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Ralph Nader shakes up Virginia governor's race with charge that Terry McAuliffe once tried to bribe him

Clinton ally Terry McAuliffee campaigning for governor of Virginia with musician will.i.am at his side May 11, 2009

Terry McAuliffe, the money man of the Bill Clinton and Hillary Rodham Clinton presidential campaigns, is running for governor of Virginia. Yes the behind-the-scenes back-slapper is looking to move out front.

With two other competitive candidates in the Democratic primary, McAuliffe has borrowed a page from Barack Obama's playbook, organizing a massive grassroots effort, campaigning (as seen above) with backing from will.i.am, stumping as an agent of change, someone who can "shake up" politics and business in the Old Dominion.

Now comes Ralph Nader, the bad boy of Democratic politics, to shake up McAuliffe.

A onetime car safety advocate and perennial presidential candidate, Nader is widely viewed as the spoiler who robbed Al Gore of the controversial 2000 election eventually decided for George W. Bush by drawing votes away from the Democratic vice president in Florida.

Now, Nader is telling reporters that in 2004, when McAuliffe was the Democratic National Committee chairman, he offered presidential candidate Nader an unspecified amount of money to spend in 31 states if he promised to stay out of 19 battleground states where he could potentially hurt Democrat John Kerry.

Although McAuliffe's staff has not denied the allegation, it's clearly are not happy about this.

"It looks like Ralph Nader misses seeing his name in the press," said spokeswoman Elisabeth Smith. "Terry's focused on talking with Virginians about jobs, not feeding Ralph Nader's ego."

Nader made the charge in an interview with the Washington Post, calling to verify the allegation, which was made in a recent book by Theresa Amato, who was Nader's national campaign manager in 2000 and 2004, called "Grand Illusion: The Myth of Voter Choice in a Two-Party Tyranny."

Nader not only confirmed it, he made clear he thinks the former DNC chairman and Syracuse, N.Y., native now running for Virginia's governor is unfit for office. Nader's actual words: “Terry McAuliffe is slipperier than an eel in olive oil.”

With the primary election on June 9, it's not clear how much such an allegation will hurt among the Democratic base, who regard Nader with all the warmth of a skunk at a family reunion.

-- Johanna Neuman

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Photo credit: Bill Tiernan / Associated Press

 
Comments () | Archives (4)

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This article is so skewed. Another anti-Nader because Gore lost his own election in 2000. The vast majority of Dems and Repubs are all corrupt. That is what happens when giant corporate forces give you money.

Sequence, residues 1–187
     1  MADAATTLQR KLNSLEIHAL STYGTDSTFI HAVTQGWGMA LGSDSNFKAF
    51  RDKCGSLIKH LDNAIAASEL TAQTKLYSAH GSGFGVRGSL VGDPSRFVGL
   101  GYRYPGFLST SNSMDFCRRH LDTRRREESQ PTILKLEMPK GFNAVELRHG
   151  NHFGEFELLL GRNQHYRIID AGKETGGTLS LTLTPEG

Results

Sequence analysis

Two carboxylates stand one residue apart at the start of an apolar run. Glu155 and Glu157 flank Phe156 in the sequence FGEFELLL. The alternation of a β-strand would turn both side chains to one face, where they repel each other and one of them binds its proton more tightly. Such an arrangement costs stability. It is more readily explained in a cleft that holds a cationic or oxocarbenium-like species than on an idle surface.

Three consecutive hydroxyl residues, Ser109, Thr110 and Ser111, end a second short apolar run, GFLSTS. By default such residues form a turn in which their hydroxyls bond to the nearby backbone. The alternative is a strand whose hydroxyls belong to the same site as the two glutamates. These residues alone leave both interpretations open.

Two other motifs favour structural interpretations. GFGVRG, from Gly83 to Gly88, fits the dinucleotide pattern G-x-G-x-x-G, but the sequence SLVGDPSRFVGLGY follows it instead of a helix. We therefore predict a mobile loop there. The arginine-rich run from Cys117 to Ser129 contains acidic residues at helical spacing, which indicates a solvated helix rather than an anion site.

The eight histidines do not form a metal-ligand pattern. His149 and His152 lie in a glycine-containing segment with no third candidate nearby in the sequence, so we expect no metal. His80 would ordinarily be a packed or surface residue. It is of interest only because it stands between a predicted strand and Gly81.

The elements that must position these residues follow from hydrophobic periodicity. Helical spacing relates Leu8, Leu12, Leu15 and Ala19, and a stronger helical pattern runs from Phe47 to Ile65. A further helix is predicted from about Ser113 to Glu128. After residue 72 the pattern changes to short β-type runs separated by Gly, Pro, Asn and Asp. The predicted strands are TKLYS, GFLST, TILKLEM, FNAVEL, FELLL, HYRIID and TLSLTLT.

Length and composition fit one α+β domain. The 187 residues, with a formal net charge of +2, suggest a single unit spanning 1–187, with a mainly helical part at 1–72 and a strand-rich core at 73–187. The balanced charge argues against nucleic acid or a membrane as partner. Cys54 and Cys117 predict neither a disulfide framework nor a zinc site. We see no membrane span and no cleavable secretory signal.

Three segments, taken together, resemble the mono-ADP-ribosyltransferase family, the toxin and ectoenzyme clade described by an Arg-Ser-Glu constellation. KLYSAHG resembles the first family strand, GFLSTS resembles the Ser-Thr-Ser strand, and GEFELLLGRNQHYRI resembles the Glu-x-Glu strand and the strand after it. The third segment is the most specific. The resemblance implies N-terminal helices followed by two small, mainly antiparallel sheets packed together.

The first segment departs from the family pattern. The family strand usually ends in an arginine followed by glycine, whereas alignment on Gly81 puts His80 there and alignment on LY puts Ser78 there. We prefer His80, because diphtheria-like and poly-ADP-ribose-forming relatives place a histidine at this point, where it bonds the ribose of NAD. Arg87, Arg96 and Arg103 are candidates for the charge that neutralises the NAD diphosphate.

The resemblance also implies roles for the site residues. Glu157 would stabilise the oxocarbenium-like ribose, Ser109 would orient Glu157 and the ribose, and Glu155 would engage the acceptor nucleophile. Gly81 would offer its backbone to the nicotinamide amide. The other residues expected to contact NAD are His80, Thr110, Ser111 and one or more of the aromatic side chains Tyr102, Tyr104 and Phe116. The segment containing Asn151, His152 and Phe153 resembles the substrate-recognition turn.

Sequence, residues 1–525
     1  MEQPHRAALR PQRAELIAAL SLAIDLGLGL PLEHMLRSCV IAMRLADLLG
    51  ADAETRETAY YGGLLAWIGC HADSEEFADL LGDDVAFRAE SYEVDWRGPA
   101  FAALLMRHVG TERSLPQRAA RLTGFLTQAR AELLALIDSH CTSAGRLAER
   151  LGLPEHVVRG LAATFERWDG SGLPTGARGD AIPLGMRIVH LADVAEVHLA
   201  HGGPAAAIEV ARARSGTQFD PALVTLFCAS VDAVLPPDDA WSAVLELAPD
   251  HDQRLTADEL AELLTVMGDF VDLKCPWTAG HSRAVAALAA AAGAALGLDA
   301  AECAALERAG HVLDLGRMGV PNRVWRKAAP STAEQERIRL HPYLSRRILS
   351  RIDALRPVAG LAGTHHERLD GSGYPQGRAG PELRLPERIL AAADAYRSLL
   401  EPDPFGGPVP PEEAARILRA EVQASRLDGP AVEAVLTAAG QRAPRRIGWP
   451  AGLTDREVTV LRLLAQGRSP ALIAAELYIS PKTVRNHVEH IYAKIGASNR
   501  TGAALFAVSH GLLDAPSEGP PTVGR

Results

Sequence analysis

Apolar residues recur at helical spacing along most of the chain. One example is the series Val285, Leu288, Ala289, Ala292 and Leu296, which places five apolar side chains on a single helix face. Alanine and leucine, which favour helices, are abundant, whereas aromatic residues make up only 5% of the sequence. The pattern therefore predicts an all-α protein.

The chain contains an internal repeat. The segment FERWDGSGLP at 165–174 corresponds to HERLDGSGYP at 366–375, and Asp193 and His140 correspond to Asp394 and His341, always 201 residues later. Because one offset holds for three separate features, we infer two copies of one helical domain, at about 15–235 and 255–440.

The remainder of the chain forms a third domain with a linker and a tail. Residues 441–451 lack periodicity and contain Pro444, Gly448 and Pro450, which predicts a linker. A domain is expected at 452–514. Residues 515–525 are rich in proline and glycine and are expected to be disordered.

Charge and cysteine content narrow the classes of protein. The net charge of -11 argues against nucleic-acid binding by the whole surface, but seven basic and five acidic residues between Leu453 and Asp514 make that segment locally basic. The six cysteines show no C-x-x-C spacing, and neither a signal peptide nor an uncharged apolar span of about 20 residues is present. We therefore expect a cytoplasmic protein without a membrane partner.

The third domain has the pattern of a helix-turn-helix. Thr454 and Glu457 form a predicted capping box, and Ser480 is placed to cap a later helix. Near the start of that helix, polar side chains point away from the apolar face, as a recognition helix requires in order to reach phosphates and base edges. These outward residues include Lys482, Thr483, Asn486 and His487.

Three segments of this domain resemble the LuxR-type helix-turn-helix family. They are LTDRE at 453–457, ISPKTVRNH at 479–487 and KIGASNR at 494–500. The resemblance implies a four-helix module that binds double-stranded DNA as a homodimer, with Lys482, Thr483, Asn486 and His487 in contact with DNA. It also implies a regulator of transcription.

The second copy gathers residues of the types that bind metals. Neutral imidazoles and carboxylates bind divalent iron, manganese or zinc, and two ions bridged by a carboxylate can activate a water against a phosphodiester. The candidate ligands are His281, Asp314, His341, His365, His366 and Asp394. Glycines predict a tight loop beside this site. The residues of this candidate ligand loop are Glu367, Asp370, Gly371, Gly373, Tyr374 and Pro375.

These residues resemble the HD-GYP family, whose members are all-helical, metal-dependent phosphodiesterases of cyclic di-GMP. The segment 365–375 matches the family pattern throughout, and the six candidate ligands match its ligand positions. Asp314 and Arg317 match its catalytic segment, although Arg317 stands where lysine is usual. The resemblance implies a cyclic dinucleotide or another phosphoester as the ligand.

Good thing I can ALWAYS trust that Nader won't play that game.

While I can't say much for his behavior in the past decade or so, saying that Ralph Nader was a "onetime car safety advocate" is like saying Rachel Carson was "a lady who didn't want her yard sprayed for ants." His work in the 1960s and 1970s set the foundation for citizen activism led by citizens, and not by government or political party.
Sure, he's running a bit off the tracks at this point, but maybe the characterization of pretty much being a crank and a gadfly is grossly off the mark. I don't like the guy, but I think he deserves a bit more than the snarky backhand here.

Widely viewed as the spoiler who robbed Al Gore of the 2000 presidential election?!?!?

Instead of repeating that kind of bigotry, as though major party candidates have a greater right to compete for our votes than minor party and independent candidates, Ms. Neuman would do well to exercise her capacity for critical thought before posting her next blog entry.

Here's an idea: start with an analysis of what the United States Constitution has to say about the notion of a "spoiler." (Hint, start at the First Amendment, proceed to the Fourteenth Amendment, and round out the discussion with some consideration of democratic principles generally.)

Calling Ralph Nader a spoiler in 2000 is kind of the same way racist and sexist people think. They see it from their view and are incapable of respecting others. The Democratic Party is full of slime like McAuliffe and that is why some people just won't vote for them.


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About the Columnist
A veteran foreign and national correspondent, Andrew Malcolm has served on the L.A. Times Editorial Board and was a Pulitzer finalist in 2004. He is the author of 10 nonfiction books and father of four. Read more.
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